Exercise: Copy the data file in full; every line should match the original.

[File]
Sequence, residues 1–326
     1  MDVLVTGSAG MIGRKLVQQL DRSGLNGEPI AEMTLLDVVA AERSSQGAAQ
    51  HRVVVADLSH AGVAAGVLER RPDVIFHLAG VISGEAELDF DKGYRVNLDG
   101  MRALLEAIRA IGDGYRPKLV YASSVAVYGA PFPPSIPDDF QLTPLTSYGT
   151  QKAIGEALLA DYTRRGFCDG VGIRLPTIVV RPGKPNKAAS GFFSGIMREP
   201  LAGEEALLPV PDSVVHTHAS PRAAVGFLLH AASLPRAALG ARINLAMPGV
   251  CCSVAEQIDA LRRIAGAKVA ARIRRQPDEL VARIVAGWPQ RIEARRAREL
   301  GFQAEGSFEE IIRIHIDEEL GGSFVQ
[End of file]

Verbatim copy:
Sequence, residues 1–326
     1  MDVLVTGSAG MIGRKLVQQL DRSGLNGEPI AEMTLLDVVA AERSSQGAAQ
    51  HRVVVADLSH AGVAAGVLER RPDVIFHLAG VISGEAELDF DKGYRVNLDG
   101  MRALLEAIRA IGDGYRPKLV YASSVAVYGA PFPPSIPDDF QLTPLTSYGT
   151  QKAIGEALLA DYTRRGFCDG VGIRLPTIVV RPGKPNKAAS GFFSGIMREP
   201  LAGEEALLPV PDSVVHTHAS PRAAVGFLLH AASLPRAALG ARINLAMPGV
   251  CCSVAEQIDA LRRIAGAKVA ARIRRQPDEL VARIVAGWPQ RIEARRAREL
   301  GFQAEGSFEE IIRIHIDEEL GGSFVQ